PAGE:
[Source: Mike Sunnucks, Phoenix Business Journal] — The next shoe to drop in the legal fight over special tax breaks and subsidies for developers could be over the 100 percent tax exemptions ponied up for high-profile projects such as ASU SkySong in Scottsdale and enjoyed by professional sports teams. That action could come after the Arizona Supreme Court decides whether a $97 million tax break for the CityNorth mixed-use development in northeast Phoenix is constitutional under state law. A judgment in that case isn’t expected before the end of the year, but those opposed to developer subsidies already are strategizing for future battles.
The first is a lawsuit expected to be filed over government property lease excise taxes, or GPLETs. These funding mechanisms allow government entities that own land to lease it back to private developers and businesses, which then pay lower-than-normal property taxes. The Goldwater Institute and Arizona Sen. Ken Cheuvront, D-Phoenix, said they plan to file suit to do away with GPLETs.
Cheuvront wants to sue to try to stop the tax breaks. Clint Bolick, attorney for the Goldwater Institute, said the conservative think tank also is looking at other tax arrangements to determine whether they are legal. “We’re just beginning to burrow deeply into GPLETs,” Bolick said. “To the extent that lease rates are below market after tax benefits are taken into consideration, it may represent an illegal subsidy, and also may violate equal protection of the law if similarly situated tenants are paying more in private buildings.”
As that case works its way through the courts, the same skeptics want to go after entities including SkySong, the Arizona Cardinals, the Phoenix Suns, and the Arizona Diamondbacks, which pay no property taxes because they lease their facilities from city or county governments. None of those arrangements are considered GPLETs, though that mechanism has been used extensively for downtown Phoenix developments including the Colliers Center, Arizona Center, and Renaissance office towers. The new Cancer Treatment Centers of America hospital in Goodyear also is a GPLET.
Real estate developers and business interests say striking down the CityNorth subsidy, GPLETs or other tax incentives would discourage investments and economic development. [Note: Read the full article at Property tax exemptions may be next battle in Arizona subsidy war.]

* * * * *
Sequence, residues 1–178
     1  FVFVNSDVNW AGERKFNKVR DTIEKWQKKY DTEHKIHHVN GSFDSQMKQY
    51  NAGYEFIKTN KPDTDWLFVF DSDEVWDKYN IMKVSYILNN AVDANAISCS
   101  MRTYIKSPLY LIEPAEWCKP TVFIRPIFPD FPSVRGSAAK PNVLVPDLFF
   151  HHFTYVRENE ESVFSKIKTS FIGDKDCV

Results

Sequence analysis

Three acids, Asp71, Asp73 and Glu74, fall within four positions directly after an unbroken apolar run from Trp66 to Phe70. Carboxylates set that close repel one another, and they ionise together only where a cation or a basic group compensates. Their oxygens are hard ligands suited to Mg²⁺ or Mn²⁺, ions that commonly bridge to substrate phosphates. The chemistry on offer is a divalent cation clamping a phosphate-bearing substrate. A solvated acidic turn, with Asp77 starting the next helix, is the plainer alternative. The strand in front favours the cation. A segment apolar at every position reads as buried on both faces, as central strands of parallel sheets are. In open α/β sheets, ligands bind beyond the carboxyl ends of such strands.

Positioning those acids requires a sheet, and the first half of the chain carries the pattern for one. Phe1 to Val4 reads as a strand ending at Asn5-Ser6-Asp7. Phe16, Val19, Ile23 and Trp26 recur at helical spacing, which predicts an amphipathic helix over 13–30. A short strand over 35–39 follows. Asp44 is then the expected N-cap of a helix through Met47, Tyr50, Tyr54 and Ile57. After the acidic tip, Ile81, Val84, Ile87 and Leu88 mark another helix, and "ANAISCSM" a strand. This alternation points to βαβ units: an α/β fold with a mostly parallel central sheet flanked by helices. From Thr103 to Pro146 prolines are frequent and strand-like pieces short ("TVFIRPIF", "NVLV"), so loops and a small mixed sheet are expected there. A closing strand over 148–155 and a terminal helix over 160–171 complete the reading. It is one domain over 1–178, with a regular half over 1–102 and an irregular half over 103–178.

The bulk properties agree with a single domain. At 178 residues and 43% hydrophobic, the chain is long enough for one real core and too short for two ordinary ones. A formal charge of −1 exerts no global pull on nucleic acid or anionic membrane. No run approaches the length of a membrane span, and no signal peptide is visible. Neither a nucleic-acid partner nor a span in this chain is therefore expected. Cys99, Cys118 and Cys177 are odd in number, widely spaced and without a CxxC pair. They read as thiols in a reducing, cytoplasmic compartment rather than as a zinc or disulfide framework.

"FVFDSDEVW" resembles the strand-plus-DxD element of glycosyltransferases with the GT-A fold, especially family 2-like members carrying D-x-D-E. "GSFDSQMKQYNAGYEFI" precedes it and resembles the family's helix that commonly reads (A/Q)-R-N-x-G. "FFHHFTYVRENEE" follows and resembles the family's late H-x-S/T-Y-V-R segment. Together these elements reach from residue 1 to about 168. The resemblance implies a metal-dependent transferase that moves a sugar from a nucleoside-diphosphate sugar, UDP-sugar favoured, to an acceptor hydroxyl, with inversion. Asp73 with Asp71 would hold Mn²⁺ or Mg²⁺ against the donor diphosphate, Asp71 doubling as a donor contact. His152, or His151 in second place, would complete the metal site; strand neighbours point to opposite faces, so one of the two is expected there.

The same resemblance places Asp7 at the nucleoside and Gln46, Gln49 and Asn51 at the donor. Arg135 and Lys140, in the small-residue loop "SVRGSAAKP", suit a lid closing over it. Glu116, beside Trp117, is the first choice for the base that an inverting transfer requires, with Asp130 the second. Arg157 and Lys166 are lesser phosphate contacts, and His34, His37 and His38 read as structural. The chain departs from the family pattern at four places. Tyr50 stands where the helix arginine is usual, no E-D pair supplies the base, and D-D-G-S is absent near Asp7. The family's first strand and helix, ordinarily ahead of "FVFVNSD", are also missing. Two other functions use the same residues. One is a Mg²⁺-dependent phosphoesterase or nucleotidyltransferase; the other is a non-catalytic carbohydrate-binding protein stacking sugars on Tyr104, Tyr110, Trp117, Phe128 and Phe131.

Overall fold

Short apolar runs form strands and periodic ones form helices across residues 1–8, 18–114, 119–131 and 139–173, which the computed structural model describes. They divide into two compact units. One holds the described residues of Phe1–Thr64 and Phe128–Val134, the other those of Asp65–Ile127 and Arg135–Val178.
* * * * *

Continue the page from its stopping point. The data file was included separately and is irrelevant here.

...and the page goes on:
[Source: Josh Bernstein, ABC News 15] — It’s the largest construction project in Maricopa County history, but the new-state-of- the-art court tower is shrouded in secrecy. “And why is any of this secret? What does the county have to hide?” said Clint Bolick, an attorney with the Goldwater Institute. “This is not a matter of national security. It is not some sort of tense lawsuit that the county has. This is a run of the mill project.”
The $347 million dollar taxpayer-funded project is already under criminal investigation by the Maricopa County Sheriff’s Office. But it’s the secrecy and the apparent conflict of interest that has Bolick outraged. “This is a flagrant abuse of public trust,” said Bolick, a former attorney with the United States Department of Justice.
Documents obtained exclusively by the ABC15 Investigators reveal attorney Thomas K. Irvine and his firm are representing both the Maricopa County Board of Supervisors, who are funding the project, and the Maricopa County Superior Court, that will occupy the building. “It is a blatant conflict of interest, one of the first kinds of conflicts you learn about in law school,” Bolick said. “It’s a matter of the fox guarding the hen house.” [Note: To read the full article, click here.]
The conservative Goldwater Institute has come out in favor of the proposed City of Phoenix “Arts, Culture, and Small Business Overlay.” In his March 17 Daily Email entitled, “An Artful Approach to Revitalization: Freedom is the key to economic growth,” Clint Bolick, director of the Institute’s Scharf-Norton Center for Constitutional Litigation, writes:
The City of Phoenix decided a vibrant arts district would be a nifty idea to revitalize its downtown core. Too often, cities are tempted to achieve such a goal by taxpayer subsidies, eminent domain, tax hikes, or draconian zoning requirements. Instead, Phoenix decided to try a different approach — deregulation. The City is proposing an “arts, culture, and small business overlay” that eases zoning restrictions and increases the number of activities that no longer need a special permit in a small area near downtown. New businesses such as art galleries, bookstores, and restaurants will be allowed to operate without special permission. Restrictions on alcohol sales, musical entertainment, and outdoor dining will be relaxed. The City also will make it easier to rehabilitate existing structures.
The City’s action is a rare win-win. A shaky neighborhood will be revitalized. Small businesses will flourish. Phoenix will have its own version of SoHo. City tax revenues, depleted by recession and tax giveaways, will grow. And less regulation, not more, will be the reason for progress. The plan is not perfect. Here as elsewhere, the City is ratcheting up restrictions on street vendors, thereby limiting an important avenue of entrepreneurship. The expanded list of permissible enterprises is still too limited. Worst of all, the relaxed rules apply only to a single neighborhood.
But expansion of private enterprise and property rights is always good news, even if it occurs in baby steps. And when the new arts district succeeds, it will provide an important lesson to local planners throughout Arizona: the best way to create growth and opportunity is freedom.